Also referred to as observational bias
. A Dictionary of Epidemiology
, sponsored by the International Epidemiological Association
The International Epidemiological Association is an organization that aims at promoting epidemiologic research worldwide. It is run by an executive council and regional councilors from all WHO regions. The organization hosts World Conferences in Epidemiology every three years and regional...
, defines this as the following:
“1. A flaw in measuring exposure, covariate, or outcome variables that results in
different quality (accuracy) of information between comparison groups. The occurrence of information biases may not
be independent of the occurrence of selection bias
Selection bias is a statistical bias in which there is an error in choosing the individuals or groups to take part in a scientific study. It is sometimes referred to as the selection effect. The term "selection bias" most often refers to the distortion of a statistical analysis, resulting from the...
2. Bias in an estimate arising from measurement errors.”
Information bias, essentially, refers to bias arising from measurement error.
Misclassification thus refers to measurement error. There are two types of misclassification in epidemiological research: non differential
misclassification and differential
Non differential misclassification
Non differential misclassification is when all classes, groups, or categories of a variable (whether exposure, outcome, or covariate) have the same error rate or probability of being misclassified for all study subjects. The traditional assumption has been that, in the case of binary or dichotomous variables, this would result in an underestimate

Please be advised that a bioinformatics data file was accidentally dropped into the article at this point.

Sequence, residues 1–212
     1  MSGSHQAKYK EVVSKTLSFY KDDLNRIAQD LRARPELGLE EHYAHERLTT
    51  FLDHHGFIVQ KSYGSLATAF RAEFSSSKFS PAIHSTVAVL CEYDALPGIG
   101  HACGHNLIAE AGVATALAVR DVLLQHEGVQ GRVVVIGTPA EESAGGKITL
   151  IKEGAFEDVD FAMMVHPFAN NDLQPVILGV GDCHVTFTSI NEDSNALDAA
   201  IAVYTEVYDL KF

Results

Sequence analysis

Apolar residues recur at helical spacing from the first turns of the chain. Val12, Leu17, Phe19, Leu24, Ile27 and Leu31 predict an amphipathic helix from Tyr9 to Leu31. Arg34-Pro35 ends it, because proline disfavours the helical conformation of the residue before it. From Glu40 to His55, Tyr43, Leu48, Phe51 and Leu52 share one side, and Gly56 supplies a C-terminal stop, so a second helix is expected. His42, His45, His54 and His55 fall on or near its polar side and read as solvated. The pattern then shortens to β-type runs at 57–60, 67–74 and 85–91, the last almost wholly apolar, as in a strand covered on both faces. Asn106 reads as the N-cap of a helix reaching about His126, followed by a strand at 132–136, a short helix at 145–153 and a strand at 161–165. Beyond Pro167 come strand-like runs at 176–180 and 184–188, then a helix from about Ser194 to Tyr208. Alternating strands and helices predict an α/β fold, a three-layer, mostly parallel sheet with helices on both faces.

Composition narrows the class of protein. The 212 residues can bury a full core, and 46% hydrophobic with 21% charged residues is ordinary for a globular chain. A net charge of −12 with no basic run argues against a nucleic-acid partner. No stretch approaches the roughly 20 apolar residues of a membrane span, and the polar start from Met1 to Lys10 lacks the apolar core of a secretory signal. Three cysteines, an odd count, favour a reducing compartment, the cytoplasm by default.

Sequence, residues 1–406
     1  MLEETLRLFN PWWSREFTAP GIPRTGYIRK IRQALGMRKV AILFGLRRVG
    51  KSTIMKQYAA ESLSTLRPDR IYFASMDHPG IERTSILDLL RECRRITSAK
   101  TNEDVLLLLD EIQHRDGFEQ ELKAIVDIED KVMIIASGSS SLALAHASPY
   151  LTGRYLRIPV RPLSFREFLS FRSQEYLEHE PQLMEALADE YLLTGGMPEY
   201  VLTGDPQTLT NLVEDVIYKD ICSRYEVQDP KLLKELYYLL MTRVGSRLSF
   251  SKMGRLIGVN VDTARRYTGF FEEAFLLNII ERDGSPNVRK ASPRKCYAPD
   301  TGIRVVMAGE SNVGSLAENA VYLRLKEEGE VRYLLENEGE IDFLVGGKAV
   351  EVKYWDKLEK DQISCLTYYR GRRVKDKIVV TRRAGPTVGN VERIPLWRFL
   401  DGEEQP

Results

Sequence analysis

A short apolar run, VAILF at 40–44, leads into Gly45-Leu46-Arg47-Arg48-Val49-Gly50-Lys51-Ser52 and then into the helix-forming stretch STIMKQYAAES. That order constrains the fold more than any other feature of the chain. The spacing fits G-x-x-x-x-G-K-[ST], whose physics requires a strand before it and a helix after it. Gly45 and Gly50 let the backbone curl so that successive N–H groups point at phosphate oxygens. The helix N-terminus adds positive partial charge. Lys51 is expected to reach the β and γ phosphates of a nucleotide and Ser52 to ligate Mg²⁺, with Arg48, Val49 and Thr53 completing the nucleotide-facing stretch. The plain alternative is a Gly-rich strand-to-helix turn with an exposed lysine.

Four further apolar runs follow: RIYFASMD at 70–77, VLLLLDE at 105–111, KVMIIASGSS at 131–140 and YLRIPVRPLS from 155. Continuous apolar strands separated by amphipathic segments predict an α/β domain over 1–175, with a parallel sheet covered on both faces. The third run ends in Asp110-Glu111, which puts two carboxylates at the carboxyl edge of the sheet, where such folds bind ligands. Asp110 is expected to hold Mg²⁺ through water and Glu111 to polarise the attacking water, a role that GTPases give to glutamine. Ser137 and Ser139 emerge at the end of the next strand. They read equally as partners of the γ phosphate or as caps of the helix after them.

of the hypothesized relationship between exposure and outcome. This has more recently been challenged however in that results of individual studies represent a single estimate and not the average of repeated measurements and thus can be farther (or nearer) from the null value (i.e. zero) than the true value.
Differential misclassification occurs when the error rate or probability of being misclassified differs across groups of study subjects. For example, the accuracy of blood pressure measurement may be lower for heavier than for lighter study subjects, or a study of elderly persons may find that reports from elderly persons with dementia are less reliable than those without dementia. The effect(s) of such misclassification can vary from an overestimation to an underestimation of the true value. Statisticians have developed methods to adjust for this type of bias, which may assist somewhat in compensating for this problem when known and when it is quantifiable.